Tax obligations expire (i.e., become uncollectible) after ten years if the IRS doesn’t pursue them. In 2017, $8.3 billion of tax obligations expired, up from $482 million in 2010 (a 17-fold increase). Investigations of people who didn’t file a tax return have fallen from 2.4 million in 2011 to 362,000 in 2018 (down 85%). Similarly, collections from people who file but don’t pay have dropped dramatically. In 2017, the IRS conducted 675,000 fewer audits than in 2010, a 42% drop in the audit rate. The audit rate has dropped roughly 70% on those with incomes over $200,000 and but only about 40% for those with incomes under $200,000. This is a key contributor to increased tax evasion by the wealthy.
The impact of the IRS’s budget cuts has been exacerbated by substantial new responsibilities that it has been given under the Affordable Care Act and the response to the pandemic. In responding to the pandemic, the IRS has been tasked with distributing three rounds of relief payments, implementing changed rules on unemployment benefits and tax credits, and, most recently, sending out monthly checks to most families with children. With a significantly reduced budget and staff, it has been expected to do all of these things while trying to maintain its core business of processing tax returns. 
President Biden has proposed increasing the budget of the IRS by $40 billion over ten years to reduce tax evasion and generate revenue to help pay for infrastructure investments. He estimates that this increased IRS funding would raise government revenue by $140 billion over those ten years. The Congressional Budget Office (CBO) estimates added revenue of $103 billion and others have other estimates, but everyone agrees that increased enforcement would generate significant revenue. It would also make our tax system fairer by reducing tax evasion, which is largely done by wealthy individuals and corporations. However, it might well take five years to make the upgrades to the IRS’s computer systems and to hire and train the new staff needed to achieve these results.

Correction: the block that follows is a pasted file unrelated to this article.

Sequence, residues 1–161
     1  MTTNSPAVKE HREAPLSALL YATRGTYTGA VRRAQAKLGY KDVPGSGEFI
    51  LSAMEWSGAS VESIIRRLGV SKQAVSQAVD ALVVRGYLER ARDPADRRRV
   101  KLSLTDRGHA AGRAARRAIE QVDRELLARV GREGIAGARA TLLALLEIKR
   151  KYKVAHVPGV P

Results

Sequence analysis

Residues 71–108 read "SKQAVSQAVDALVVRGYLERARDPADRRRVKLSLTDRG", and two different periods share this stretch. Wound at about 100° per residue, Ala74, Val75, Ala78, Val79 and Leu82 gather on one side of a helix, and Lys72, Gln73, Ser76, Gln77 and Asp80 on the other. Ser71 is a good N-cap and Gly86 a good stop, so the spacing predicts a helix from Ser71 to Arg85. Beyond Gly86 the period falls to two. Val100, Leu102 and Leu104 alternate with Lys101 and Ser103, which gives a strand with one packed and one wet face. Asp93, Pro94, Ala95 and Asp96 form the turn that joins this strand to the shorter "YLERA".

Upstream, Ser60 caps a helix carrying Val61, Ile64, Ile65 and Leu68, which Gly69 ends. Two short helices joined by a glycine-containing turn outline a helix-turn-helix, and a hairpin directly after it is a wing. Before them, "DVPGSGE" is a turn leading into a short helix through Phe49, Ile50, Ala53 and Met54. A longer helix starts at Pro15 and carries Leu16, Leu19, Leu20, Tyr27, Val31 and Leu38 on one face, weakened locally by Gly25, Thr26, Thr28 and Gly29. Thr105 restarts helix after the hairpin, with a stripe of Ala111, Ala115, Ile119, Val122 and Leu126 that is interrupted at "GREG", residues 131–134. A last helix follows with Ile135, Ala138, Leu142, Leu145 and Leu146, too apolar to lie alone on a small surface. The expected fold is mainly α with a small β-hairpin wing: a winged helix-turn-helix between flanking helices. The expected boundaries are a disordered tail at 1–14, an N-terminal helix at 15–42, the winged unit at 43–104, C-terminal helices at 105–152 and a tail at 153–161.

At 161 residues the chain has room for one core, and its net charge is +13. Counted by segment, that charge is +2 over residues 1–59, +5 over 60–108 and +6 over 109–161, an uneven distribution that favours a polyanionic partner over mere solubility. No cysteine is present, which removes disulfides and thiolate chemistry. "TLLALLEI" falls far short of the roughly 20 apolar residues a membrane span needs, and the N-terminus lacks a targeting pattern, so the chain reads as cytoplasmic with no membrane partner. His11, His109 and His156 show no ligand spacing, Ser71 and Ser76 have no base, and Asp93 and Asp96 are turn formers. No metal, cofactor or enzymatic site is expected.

Initially, the Republicans who were part of the bipartisan group of 21 Senators working on the infrastructure investment bill endorsed the increased funding for the IRS, but now they are backing away from it after hearing opposition from some of their wealthy backers.